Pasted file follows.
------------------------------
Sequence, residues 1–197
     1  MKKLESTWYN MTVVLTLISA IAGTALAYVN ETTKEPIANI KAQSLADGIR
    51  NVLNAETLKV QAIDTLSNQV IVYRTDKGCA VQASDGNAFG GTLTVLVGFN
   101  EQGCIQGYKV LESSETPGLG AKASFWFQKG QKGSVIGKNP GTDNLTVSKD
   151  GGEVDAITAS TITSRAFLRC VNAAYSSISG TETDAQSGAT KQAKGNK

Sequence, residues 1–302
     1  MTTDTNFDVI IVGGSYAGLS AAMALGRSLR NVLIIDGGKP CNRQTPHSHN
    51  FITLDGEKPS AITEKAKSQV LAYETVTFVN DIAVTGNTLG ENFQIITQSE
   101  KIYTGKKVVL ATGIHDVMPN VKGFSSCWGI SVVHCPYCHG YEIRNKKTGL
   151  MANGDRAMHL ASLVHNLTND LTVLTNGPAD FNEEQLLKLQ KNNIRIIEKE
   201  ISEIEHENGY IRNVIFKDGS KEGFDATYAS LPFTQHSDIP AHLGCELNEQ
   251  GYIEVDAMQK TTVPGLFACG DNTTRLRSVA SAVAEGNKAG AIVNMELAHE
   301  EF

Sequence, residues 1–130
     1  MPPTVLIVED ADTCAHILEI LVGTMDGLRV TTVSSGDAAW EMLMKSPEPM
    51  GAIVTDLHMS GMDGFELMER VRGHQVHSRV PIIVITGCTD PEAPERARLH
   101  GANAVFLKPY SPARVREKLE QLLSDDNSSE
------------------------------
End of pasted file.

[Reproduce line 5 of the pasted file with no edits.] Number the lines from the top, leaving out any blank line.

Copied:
   151  GGEVDAITAS TITSRAFLRC VNAAYSSISG TETDAQSGAT KQAKGNK